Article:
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Evangelical officials seek more funding, PPE, telehealth permanence

LEWISBURG — “I don’t think anybody would have imagined that we would all be sitting in a room wearing masks to do many things,” Congressman Fred Keller, R-Kreamer, said in a roundtable discussion with Evangelical Community Hospital administration this week.

Keller, alongside President and CEO Kendra Aucker, James Stopper, CPA, vice president of finance and CFO, William Anderson, executive vice president and COO, and Angela Lahr, MHA and vice president of clinical operations, discussed the “tremendous” set-backs that COVID-19 has caused on their rural operations.

Many of the set-backs are indeed financial and related to equipment.

“Evangelical is very fortunate,” Aucker said. “We came into the pandemic in a fairly strong position, but obviously ramping up with closing, elective procedures, sky-rocketing prices of PPE, having to test staff and patients…it’s been a challenge.”

She added that the system has received $13.8 million in grants, which has helped off-set some costs, but not nearly enough.

“We had to take drastic steps to cut costs,” Aucker said. “We ended up furloughing nearly 200 people. I feel blessed compared to most rural hospitals…but the dollars that we did receive did not even touch what we were required to do (to cover those costs).”

“That is something we are still discussing,” Keller added. “We are advocating for us to be able to incorporate that (funding and how money is distributed). I think there needs to be more dollars for reimbursement.”

Anderson explained to Keller that though Evangelical has been fortunate in terms of personal protective equipment, there are ongoing struggles about affording equipment for rapid testing, testing outside of COVID-19 and more.

“We have definitely seen some constraints,” he said.

The pricing of such equipment has also severely increased with much longer delivery periods, he added.

“We would love to see more of that (equipment, swabs, etc.) so that we can move patients through the system,” Anderson said.

Insurance companies are also not paying for tests for individuals who happen to be asymptomatic, Aucker added. This causes another financial strain on the hospital system.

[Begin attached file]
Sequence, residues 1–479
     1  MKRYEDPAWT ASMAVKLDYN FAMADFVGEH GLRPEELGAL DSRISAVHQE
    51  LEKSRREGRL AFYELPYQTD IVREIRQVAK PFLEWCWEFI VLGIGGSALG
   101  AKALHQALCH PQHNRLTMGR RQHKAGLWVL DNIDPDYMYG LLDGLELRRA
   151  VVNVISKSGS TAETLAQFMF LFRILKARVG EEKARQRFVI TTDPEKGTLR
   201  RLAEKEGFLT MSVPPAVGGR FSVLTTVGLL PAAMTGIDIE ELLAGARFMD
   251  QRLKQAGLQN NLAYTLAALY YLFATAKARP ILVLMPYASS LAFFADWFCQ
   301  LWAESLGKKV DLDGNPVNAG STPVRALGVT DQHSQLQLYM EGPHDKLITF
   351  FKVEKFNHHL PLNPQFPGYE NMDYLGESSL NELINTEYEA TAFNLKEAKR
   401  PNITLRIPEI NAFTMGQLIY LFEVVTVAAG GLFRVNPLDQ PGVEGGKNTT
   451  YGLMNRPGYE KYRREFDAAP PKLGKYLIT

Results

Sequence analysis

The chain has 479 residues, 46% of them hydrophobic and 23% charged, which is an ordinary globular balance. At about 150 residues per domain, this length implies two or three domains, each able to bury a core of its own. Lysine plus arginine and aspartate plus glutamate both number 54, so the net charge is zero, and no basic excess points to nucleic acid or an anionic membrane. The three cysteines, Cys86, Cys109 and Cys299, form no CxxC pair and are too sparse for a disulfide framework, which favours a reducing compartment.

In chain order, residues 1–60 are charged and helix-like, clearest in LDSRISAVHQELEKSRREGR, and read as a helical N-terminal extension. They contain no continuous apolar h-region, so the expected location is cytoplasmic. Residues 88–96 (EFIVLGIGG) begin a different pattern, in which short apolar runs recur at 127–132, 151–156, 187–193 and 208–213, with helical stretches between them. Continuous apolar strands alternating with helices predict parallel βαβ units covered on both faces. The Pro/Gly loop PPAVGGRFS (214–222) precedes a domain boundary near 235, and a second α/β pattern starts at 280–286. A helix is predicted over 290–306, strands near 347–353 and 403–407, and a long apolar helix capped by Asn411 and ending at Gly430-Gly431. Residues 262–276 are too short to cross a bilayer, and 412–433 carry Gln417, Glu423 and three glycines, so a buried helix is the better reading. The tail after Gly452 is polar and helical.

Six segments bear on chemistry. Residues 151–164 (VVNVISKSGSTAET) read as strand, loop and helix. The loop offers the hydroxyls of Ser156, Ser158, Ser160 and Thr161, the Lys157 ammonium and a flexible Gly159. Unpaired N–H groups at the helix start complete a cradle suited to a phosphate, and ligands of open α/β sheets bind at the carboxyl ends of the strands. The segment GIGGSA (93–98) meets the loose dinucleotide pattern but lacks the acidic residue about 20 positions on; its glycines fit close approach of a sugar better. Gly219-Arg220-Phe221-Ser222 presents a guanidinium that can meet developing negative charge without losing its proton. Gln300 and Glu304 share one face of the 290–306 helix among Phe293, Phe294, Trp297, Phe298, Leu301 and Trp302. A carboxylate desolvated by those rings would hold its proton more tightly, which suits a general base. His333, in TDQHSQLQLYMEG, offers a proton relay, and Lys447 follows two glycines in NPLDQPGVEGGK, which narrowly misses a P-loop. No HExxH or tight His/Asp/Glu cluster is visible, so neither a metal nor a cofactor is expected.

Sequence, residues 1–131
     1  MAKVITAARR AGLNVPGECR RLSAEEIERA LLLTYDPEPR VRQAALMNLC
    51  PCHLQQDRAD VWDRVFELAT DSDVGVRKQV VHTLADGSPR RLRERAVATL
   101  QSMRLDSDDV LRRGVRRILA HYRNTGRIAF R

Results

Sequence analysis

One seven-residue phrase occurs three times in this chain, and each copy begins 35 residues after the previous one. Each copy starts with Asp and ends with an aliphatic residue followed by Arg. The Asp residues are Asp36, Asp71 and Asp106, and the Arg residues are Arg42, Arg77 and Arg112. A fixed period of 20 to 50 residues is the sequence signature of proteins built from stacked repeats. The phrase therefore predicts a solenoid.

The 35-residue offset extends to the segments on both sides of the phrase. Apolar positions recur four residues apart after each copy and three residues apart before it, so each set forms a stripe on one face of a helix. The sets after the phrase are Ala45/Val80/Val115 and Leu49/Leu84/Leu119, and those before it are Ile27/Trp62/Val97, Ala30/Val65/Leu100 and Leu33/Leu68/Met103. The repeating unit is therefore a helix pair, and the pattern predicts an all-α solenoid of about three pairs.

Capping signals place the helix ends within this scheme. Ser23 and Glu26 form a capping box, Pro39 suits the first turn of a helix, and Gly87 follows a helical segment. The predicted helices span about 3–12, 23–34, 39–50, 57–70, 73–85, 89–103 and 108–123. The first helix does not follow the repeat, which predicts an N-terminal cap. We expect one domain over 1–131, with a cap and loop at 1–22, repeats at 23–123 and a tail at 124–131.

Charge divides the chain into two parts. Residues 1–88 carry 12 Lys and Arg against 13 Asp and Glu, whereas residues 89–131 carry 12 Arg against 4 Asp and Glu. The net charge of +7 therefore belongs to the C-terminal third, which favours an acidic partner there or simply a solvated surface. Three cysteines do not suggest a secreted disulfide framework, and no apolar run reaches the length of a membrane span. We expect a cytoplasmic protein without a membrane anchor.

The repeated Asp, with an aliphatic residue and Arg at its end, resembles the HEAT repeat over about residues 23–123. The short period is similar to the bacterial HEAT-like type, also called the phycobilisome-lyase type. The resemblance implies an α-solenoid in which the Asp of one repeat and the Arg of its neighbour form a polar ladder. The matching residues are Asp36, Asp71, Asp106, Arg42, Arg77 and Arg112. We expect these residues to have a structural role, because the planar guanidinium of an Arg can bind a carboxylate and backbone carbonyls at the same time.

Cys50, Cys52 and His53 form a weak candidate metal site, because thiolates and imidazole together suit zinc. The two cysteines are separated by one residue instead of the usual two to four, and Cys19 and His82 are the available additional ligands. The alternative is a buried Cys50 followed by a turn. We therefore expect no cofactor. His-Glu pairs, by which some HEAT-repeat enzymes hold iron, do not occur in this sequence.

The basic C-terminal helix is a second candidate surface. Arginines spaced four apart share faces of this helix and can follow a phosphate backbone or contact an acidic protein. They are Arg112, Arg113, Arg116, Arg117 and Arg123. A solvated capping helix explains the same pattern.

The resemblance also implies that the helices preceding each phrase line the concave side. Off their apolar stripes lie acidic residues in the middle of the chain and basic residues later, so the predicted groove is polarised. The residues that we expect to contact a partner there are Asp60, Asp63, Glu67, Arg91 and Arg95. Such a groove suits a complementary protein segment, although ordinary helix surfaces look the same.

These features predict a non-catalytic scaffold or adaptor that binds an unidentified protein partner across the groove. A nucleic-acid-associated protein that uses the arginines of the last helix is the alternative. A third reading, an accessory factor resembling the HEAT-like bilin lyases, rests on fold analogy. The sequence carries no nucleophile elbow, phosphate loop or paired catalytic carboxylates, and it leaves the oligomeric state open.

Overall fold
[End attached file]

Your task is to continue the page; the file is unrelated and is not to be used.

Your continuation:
So far, Evangelical has tested over 6,000 patients either in-house with rapid testing with turn around time of one hour, or their outpatient or drive-through testing, which comes back in three to four days.

“The rapid testing supplies (reagents, swabs and more) are severely limited,” Lahr said.

They have recently seen an uptick in patients over the last two weeks with eight patients currently hospitalized and 80 to 90 tests a day — this increases the concern about having enough testing supplies during the upcoming flu season.

“We can’t make a request anymore to the state level for increased allocation,” Lahr said.

Keller said there is ongoing discussion about where to allocate resources and funds, and that this issue would be looked into, including looking into the issues with the supply chain, the national stockpile and more.

Anderson asked Keller to investigate maintaining regulations such as telehealth as something of more permanent usage in hospital systems.

“Looking at broadband as a utility,” Keller said, “I look at broadband as infrastructure. That leads into telemedicine and how we provide that service and reimburse for that. That is a thing that we have looked at. In rural Pennsylvania and rural America, it is difficult for some people to get out there, so they stay at home and their situations become worse.”

On a more positive note, Evangelical staff also discussed their PRIME expansion project and said that they have adapted their plan to include more private rooms, a new ICU and more negative pressure rooms to adapt to the pandemic.

In another matter, Lahr discussed concerns regarding the ongoing national opioid crisis and how healthcare systems can move away from opioid drugs after surgery and onto injectable Tylenol, which has the same effect as an opioid drug, can be easily monitored and administered, and is not addictive, she said.

“We as a hospital want to reduce the prescription of opioids,” she said. “We found that injectable Tylenol is just as effective…so we transitioned a lot of our preoperative and postoperative pain management to injectable Tylenol.”

She also added that the pricing on this drug however, has increased by 100 percent whereas opioid drug prices have stayed the same.

Evangelical has also experienced a shortage of this drug as they were having trouble getting it.

“If you can manage the pain the same way, just as effectively, it shouldn’t cost you more money,” Aucker added. “We get paid the same amount of money no matter which drug we choose to use. We don’t have the buying power, it is a challenge for us.”

“The time that you (Evangelical administration) have taken to meet with us is invested well,” Keller said. “As much of what we can get in the final product will be there. I want to let you know that what we are discussing will get to work in legislation.”

“You are a friend to Evangelical and we appreciate that,” Aucker said.

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